Thursday, May 21, 2015

Brooklyn Waterfront Watch: Stacking coffee as high as an elephant's eye -- on the eve of Prohibition


"Coffee in Brooklyn," c1920 (click to enlarge). On the flip
side of the photo there's a link to Prohibition! Read on.

by Ken

Of course you know all about "Postcard Thursday" from the Inside the Apple team of Michelle and James Nevius, right? Well, they're not the only ones regularly sending out great archival pictures. The Brooklyn Historical Society dips into its overflowing archives for a "Photo of the Week," and for some reason I can't stop looking at this week's, titled "Coffee in Brooklyn." I don't know, maybe it's the coffee-hoisting getup of the gent on the right, from boots to hat, or maybe it's the totality of the fashion statement made by him and his partner in hoisting. Or maybe it's trying to figure out what exactly our power lifters are going to do with that coffee bag or whatever it is they've got in high-hoist mode.

The photo is presented by BHS digitization associate Tess Colwell:
Artisanal coffee roasters have been popping up everywhere in Brooklyn in recent years, but it might come as a surprise that Brooklyn has a long history of coffee roasting that spans long before it was considered hip. The photo of the week was taken around 1920 in a warehouse at Bush Terminal (now Industry City) and features two men lifting a large bag of coffee. To me, the most interesting part of this photograph is actually the verso (i.e. the text written on the back of the photograph). It speaks to the sentiment towards prohibition at the time and the opportunity for growth in the coffee industry. It reads,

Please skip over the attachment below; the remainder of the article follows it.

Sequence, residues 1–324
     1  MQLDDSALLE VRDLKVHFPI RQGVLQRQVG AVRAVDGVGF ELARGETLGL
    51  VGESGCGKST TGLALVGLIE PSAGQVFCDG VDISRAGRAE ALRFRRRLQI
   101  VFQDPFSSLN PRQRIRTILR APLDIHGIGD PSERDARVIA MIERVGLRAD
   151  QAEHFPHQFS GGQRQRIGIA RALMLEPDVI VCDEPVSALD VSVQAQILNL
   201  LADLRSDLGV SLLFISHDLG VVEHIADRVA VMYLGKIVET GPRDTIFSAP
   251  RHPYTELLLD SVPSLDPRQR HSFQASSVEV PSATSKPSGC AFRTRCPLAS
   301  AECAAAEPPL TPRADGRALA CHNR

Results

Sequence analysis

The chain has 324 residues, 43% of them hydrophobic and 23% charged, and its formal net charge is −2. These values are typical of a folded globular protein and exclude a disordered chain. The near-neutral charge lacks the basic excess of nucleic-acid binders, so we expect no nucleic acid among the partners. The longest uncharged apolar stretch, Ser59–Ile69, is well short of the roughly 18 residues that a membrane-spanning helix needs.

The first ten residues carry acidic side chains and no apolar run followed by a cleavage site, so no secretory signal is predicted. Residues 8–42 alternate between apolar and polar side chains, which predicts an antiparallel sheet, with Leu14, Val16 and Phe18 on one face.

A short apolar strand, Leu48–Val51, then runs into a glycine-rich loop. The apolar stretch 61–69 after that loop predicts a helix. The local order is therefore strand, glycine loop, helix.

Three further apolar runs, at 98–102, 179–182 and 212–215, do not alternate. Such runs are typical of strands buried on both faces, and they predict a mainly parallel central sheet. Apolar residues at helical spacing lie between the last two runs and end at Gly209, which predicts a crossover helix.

“MORE COFFEE DRINKING WHEN NATIONAL PROHIBITION COMES — A STORY OF PRODUCTION. Stacking coffee in a big warehouse at the Bush Terminal in Brooklyn, N.Y. Coffee from Central America. Scientists say that every adult takes some kind of a stimulant, and coffee is the most widely used of all the stimulants. When all traffic in intoxicants is stopped, millions of people will drink more coffee. The consumption of coffee will increase greatly through the lunch room trade. Hundreds of thousands of people will go into lunch rooms and eat pastry and drink strong coffee instead of going to saloons for drinks, when prohibition puts an end to all saloons in this country.”

While it’s not entirely true that prohibition led to increased coffee consumption, it’s true that the popularity of coffee was on the rise. In the early 20th century, Brooklyn was roasting more coffee than any other place in America. John Arbuckle (1839-1912) is credited as pioneering the way we purchase coffee today—roasting and grinding beans onsite, packaging coffee in one pound bags, and marketing it to different consumers around the country. By 1909, Arbuckle was roasting about 25 million pounds of coffee a month. Arbuckle Brothers continued to roast and store coffee at the Brooklyn waterfront factory until 1930, when it was sold to General Foods.
BHS has teamed up with Brooklyn Bridge Park to produce a Brooklyn Waterfront History website, which promises "much more about the history of coffee in Brooklyn, as well as other interesting historical facts about the waterfront." You can begin exploring BHS's online photo gallery here. Finally, to receive BHS's "Photo of the Week" along with news about the society's rich assortment of public programs (the BHS building itself, on Pierrepont Street in Downtown Brooklyn, is a landmark and well worth a visit in its own right), you can sign up here.


Today's isn't. A postcard, I mean. It's a stamp.

On May 21, 1927, Charles Lindbergh became the first person to fly nonstop from New York to Paris. To honor that achievement, the U.S. Postal Service issued the above airmail (or "air mail") stamp on June 11, just three weeks after the historic landing. That was the same day Lindbergh received the Distinguished Flying Cross, but five days before he collected his $25,000 prize from Raymond Orteig for making the flight.

[More about the flight, and a pic of Lucky Lindy, onsite.]

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